Following the research that resulted in publication of the Battered Child Syndrome, over 700 publications have been contributed by individuals associated with Dr. Kempe or the Center he founded on the etiology, diagnosis, evaluation, treatment, management and prevention of physical and sexual child abuse and child neglect. Today the Center integrates an innovative and active applied research program that contributes to the improvement of services for children and families affected by child maltreatment in Colorado, nationally, and globally.
Child maltreatment epidemiology – Our focus is on understanding the prevalence and incidence of maltreatment in order to support maltreatment prevention throughout the world.
Child protective systems research – We are actively involved in research and evaluation that helps to improve the effective delivery of services and improve outcomes for children and families. This includes work in the areas of disparities, models for improving access to services such as differential response and family group decision making.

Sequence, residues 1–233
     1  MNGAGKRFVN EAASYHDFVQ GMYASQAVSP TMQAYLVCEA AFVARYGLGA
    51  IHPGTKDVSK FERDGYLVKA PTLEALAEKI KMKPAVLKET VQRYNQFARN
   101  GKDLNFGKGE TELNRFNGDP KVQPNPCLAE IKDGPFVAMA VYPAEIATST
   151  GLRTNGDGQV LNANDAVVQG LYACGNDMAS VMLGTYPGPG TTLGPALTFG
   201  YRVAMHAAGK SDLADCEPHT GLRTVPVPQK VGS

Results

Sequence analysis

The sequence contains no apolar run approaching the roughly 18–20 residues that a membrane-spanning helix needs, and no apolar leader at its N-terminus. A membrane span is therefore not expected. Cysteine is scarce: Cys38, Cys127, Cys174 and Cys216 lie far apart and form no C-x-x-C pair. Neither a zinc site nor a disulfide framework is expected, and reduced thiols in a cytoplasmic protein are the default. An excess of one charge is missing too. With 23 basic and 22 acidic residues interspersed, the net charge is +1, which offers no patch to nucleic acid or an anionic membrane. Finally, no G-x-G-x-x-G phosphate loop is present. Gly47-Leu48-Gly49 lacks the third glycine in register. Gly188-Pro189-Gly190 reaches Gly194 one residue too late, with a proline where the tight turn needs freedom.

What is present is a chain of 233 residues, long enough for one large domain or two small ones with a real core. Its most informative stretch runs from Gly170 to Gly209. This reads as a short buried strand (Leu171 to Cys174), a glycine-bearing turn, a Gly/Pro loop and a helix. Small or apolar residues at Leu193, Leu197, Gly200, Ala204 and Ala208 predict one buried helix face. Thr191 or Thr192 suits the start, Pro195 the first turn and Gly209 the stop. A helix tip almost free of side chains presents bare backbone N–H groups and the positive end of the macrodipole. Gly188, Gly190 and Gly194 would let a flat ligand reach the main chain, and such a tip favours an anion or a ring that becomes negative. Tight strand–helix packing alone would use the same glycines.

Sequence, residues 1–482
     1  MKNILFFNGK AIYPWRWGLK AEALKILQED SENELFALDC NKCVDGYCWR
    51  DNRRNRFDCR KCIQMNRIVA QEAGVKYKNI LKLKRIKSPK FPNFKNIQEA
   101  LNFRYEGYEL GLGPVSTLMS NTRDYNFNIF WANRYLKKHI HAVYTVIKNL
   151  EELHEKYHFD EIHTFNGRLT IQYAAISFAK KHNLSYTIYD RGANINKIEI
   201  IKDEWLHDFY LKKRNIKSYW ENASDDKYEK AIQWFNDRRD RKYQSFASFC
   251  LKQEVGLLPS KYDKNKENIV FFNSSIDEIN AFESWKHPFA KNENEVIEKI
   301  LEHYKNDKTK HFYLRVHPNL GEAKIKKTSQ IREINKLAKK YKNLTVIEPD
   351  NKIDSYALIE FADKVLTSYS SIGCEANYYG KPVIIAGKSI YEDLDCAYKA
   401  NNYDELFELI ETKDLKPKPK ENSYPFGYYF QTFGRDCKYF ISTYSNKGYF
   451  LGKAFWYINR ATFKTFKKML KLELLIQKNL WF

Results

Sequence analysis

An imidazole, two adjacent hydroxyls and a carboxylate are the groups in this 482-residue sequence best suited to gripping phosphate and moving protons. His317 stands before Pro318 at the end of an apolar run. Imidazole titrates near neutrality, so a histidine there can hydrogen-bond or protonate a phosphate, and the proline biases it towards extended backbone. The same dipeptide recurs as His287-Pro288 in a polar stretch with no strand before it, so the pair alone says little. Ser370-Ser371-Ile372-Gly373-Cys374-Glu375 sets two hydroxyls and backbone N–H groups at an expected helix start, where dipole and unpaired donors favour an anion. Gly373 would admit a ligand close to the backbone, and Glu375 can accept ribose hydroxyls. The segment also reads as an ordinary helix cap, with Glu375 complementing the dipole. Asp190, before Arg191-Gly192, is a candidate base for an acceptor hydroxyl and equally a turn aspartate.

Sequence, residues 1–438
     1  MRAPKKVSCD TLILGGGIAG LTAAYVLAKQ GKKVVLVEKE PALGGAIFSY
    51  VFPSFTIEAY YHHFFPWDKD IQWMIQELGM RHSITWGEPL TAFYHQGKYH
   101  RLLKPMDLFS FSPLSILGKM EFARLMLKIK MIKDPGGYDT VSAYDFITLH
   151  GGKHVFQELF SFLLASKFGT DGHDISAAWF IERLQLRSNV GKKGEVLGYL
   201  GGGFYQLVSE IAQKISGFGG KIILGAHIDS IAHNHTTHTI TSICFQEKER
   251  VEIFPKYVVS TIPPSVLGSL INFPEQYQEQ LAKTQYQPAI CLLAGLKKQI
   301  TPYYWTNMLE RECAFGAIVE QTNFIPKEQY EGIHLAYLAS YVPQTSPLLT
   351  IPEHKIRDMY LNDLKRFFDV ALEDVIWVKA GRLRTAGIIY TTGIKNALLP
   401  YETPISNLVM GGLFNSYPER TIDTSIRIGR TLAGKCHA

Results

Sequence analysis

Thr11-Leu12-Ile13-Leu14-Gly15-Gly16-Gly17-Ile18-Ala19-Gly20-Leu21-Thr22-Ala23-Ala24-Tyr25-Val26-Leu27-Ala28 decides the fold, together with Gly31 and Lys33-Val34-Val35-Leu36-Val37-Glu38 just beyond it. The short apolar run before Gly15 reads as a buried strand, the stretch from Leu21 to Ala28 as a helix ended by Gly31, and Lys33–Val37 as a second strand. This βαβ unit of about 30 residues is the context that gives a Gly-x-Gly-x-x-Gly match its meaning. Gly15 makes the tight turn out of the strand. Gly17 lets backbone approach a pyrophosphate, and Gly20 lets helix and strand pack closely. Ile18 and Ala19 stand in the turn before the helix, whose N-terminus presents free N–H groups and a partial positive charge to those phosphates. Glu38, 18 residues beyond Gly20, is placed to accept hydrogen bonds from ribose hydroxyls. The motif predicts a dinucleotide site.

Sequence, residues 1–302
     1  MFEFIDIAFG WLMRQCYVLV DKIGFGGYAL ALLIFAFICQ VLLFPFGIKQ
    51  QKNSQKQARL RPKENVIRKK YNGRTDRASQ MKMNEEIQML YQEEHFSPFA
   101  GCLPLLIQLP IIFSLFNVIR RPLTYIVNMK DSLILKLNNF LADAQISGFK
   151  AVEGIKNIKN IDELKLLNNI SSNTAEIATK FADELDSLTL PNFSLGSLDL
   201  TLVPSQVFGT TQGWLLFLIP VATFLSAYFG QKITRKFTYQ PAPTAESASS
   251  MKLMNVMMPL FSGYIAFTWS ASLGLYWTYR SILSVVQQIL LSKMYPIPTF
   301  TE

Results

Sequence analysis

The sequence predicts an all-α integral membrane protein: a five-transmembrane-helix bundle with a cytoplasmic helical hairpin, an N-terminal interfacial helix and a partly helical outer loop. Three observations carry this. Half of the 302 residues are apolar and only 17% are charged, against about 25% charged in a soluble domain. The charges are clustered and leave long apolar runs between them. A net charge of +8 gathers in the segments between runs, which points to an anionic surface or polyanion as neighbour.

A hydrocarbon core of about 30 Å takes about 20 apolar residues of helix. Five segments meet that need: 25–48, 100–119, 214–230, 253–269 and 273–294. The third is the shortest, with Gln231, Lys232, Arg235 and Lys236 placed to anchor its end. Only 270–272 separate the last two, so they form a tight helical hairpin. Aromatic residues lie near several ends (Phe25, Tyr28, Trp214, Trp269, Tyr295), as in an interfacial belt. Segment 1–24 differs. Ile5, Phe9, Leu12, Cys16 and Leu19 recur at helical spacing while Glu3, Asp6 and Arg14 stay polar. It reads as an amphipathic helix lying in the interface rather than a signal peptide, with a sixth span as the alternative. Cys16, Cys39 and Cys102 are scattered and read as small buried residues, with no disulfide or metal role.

Decision making in service delivery – Decision making about how children get what types of services is critical to improving their outcomes. Our research contributes to understanding how these decisions are made and how to improve decision making throughout the systems. Our research emphasize understanding the relationship between assessment needs and the provision of services.
Prevention and intervention research – Developing and rigorously testing innovative programs to both prevent and ameliorate the adverse consequences of child maltreatment.
Foster care research – We conduct research on risk and protective factors for a range of outcomes among youth in foster care as well as those with a history of foster care.
Dissemination and implementation research – We are actively involved in disseminating evidence-based programs throughout Colorado and nationally, as well as testing implementation efforts for program fidelity, client engagement, and replication of outcomes.
FACULTY RESEARCH INTERESTS